Garrison's response was to accuse the press of being unfamiliar with the facts and to accuse the Crime Commission of "the big lie." In a speech before the Young Men's Business Club, Garrison listed six areas of organized crime, all of which he said had been eliminated or placed well under control, largely by the efforts of his office. Before the end of October, a special investigator, hired by the Crime Commission to extract information from the record room of the Clerk of the Criminal District Court was the subject of a lengthy news release by Garrison. Said he:
The Metropolitan Crime Commission recently has hired a special investigator to help in the obtaining of evidence. . . . It is quite obvious that his assignment is to see, if possible, if he can find something wrong with the handling of these cases by my office. Since we have nothing whatever to fear, either in that area or any other area, he is more than welcome to investigate. However, it would save the Crime Commission and its contributors a great deal of money if he would just walk openly into my office and tell us what information he wants.
We will be glad to make one of our investigators available to help him. We will even have a member of our staff assist him in finding his way back to his hotel at the end of the day. . . .
Garrison, proving himself as prolific as ever, continued with page after page of bitter invective against the Crime Commission and its Managing Director, Aaron Kohn. The depth to which Garrison had been stung by the midsummer comment of Kohn concerning the existence of organized crime was revealed when, two months later, he answered a routine inquiry by the President of the Crime Commission with an angry blast which he did not bother to make public:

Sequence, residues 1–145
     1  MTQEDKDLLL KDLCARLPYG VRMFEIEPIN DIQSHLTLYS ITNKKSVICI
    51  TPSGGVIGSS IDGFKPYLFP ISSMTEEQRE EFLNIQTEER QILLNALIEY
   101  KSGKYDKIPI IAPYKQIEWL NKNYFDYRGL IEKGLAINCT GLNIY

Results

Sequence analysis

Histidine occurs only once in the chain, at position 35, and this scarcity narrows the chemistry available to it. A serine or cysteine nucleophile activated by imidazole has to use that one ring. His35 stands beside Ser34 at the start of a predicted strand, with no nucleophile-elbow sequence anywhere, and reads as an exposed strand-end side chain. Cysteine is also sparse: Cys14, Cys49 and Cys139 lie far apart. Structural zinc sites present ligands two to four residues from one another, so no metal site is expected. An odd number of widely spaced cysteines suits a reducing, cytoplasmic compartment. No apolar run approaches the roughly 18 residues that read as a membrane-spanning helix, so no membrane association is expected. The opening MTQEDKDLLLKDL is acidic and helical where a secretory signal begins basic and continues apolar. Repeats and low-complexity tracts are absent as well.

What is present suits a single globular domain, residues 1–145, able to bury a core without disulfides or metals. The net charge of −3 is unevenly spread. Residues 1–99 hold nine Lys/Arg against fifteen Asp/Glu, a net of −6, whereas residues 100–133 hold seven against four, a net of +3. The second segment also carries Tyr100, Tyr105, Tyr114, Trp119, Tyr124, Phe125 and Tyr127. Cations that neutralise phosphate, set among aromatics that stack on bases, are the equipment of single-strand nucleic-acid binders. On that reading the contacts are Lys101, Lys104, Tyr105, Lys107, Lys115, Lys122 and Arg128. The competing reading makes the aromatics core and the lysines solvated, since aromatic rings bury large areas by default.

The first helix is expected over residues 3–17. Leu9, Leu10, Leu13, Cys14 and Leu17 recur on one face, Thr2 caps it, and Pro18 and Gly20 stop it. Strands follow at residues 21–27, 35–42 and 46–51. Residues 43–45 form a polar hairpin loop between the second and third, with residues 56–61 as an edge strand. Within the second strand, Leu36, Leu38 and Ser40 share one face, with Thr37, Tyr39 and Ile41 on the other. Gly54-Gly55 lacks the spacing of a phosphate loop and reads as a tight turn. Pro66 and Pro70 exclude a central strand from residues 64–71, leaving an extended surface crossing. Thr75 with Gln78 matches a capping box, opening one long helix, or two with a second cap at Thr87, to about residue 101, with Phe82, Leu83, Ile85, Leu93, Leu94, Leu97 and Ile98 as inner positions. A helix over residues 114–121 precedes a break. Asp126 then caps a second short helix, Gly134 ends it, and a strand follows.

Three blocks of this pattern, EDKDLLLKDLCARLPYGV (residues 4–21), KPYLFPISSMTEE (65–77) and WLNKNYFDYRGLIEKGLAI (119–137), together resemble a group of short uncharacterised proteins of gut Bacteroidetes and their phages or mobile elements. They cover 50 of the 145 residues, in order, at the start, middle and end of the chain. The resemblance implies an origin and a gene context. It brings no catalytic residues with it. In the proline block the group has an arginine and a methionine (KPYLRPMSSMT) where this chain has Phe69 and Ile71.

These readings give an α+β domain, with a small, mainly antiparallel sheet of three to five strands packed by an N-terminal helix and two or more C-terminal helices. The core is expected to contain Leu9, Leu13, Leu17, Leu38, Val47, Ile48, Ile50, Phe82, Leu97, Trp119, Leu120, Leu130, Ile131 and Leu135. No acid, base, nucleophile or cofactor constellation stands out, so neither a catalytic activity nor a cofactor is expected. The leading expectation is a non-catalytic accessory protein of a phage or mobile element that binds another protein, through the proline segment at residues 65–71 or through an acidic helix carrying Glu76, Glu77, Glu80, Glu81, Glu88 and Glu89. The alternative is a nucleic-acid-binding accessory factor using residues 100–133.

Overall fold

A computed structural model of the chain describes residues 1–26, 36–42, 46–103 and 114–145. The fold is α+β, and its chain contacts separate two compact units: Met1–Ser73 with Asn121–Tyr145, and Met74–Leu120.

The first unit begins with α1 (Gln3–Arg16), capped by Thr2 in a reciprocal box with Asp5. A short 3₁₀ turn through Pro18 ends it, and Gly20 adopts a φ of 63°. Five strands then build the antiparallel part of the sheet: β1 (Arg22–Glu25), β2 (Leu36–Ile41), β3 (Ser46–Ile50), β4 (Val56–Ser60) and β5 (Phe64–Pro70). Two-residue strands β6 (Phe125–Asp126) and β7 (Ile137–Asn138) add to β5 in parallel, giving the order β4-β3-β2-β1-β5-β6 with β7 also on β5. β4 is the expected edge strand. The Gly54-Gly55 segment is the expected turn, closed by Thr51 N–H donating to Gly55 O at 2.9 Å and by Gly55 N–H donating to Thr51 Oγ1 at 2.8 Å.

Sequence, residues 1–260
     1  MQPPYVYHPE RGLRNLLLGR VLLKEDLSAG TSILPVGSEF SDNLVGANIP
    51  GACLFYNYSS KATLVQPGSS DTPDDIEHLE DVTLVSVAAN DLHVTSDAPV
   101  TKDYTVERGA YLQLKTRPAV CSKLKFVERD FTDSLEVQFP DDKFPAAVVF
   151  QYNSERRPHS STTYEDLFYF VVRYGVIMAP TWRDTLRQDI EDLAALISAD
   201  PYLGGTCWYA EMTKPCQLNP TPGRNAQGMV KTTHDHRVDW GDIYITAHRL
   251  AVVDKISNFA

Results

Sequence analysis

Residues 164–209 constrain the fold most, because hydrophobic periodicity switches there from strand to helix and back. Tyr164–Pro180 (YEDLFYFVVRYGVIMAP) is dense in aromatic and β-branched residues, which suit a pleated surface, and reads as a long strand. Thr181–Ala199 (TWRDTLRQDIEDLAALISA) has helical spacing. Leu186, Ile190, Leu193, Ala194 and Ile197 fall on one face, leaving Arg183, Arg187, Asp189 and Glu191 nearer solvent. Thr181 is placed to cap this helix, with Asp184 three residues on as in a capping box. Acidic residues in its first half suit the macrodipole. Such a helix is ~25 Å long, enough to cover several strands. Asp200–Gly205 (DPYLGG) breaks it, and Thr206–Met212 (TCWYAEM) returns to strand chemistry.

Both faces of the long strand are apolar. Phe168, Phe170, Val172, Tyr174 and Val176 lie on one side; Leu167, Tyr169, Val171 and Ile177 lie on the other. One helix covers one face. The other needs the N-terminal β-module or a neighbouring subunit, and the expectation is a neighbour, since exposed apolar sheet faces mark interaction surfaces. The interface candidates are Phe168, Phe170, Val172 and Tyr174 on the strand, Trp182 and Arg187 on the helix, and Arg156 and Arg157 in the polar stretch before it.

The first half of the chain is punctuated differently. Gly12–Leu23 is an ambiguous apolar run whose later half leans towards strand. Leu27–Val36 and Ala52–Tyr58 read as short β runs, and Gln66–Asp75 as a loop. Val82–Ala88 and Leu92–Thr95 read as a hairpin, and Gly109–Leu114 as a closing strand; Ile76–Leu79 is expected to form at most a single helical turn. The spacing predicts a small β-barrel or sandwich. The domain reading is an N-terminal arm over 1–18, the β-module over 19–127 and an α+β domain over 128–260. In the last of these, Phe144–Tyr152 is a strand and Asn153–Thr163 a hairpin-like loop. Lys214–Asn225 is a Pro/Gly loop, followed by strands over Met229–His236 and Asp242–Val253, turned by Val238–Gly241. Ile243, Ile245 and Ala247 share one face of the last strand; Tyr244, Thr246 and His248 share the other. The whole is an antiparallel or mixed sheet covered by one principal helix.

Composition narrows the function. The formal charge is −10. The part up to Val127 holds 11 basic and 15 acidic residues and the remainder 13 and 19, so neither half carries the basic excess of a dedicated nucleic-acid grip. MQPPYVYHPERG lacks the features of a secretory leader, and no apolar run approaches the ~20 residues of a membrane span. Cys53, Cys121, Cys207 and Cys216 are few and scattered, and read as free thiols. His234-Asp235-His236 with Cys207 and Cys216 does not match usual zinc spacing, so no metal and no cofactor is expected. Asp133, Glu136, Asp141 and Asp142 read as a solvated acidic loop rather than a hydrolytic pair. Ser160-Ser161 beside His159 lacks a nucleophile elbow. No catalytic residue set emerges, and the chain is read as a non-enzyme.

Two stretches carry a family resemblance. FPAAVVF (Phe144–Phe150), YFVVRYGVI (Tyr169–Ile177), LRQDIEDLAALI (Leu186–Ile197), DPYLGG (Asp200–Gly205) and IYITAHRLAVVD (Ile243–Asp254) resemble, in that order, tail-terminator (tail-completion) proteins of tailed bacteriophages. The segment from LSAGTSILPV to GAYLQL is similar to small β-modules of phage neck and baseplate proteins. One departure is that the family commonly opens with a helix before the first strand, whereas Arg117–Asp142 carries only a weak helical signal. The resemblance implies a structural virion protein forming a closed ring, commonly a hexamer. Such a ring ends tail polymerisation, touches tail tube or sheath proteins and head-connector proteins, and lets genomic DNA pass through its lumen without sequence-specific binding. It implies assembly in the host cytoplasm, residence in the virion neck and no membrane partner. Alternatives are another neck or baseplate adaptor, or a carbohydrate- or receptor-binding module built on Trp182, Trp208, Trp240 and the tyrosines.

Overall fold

. . . After a grandiose statement of the positive existence of organized crimes and of their flourishing existence in New Orleans, I have not heard a scintilla of testimony or one iota of proof that would indicate that there was any truth to these statements.
Therefore, said Garrison, he would not engage in any dialogue with the Managing Director or any of the directors of the Crime Commission. Garrison's letter concluded:
Finally, you can save yourself a lot of stationery by not burdening this office with any further correspondence. I have instructed my staff to return to you unopened all further communications from your organization.
The date of the letter was December 21, 1966. For a number of months by this time, Garrison had, in fact, been greatly preoccupied with other matters. But obviously, the scar left by the thrust of Kohn's remarks concerning organized crime had not healed.
So it went. If it were true that the demoniacal ferocity of Garrison's fusillades was still increasing in tempo in his fifth year in office, there was some solace in the fact that they were in essence defensive measures. Not since the election had there, in truth, been a major offensive mounted in the manner of the attack on the judges or the Legislature.
One day in early January 1967, I was standing in the reception room of the District Attorney's office. I was approached by a former assistant district attorney under Garrison, one whose departure from the office coincided with mine in September 1963. He obviously had something to say.
"The more things change around here, the more they stay the same." His tone was a mixture of amusement and disbelief. "Do you know what Garrison's investigating now? The assassination of Kennedy!" The incredulity I felt must have shown clearly, for my friend continued, as though trying to convince me. "He has investigators going all over-to Miami, San Francisco, Dallas -- he's supposed to be trying to find some kind of conspiracy."
I laughed. Even the Warren Commission had never excluded the possibility that a plot existed, but if such a conspiracy were ever to be uncovered, I would have assumed it would be by someone capable of an infinite capacity for quiet, thorough, and tedious investigation. I had seen something of the DA's probes, and I doubted, if a plot in fact existed, that it was going to be discovered by Garrison.
"Where is the press?" was my first reaction. Of all of the trivia that finds its way into print, I wondered, why hadn't this been exposed? I assumed that one good blast of publicity would suffice to end whatever spectacular was in the making.
The publicity was not long in coming. On February 17th, 1967, the States-Item ran large headlines and a lead story about the investigation. But it was not the end of the matter at all. Once again I had grossly underrated Garrison's instinctive insight into the public temper.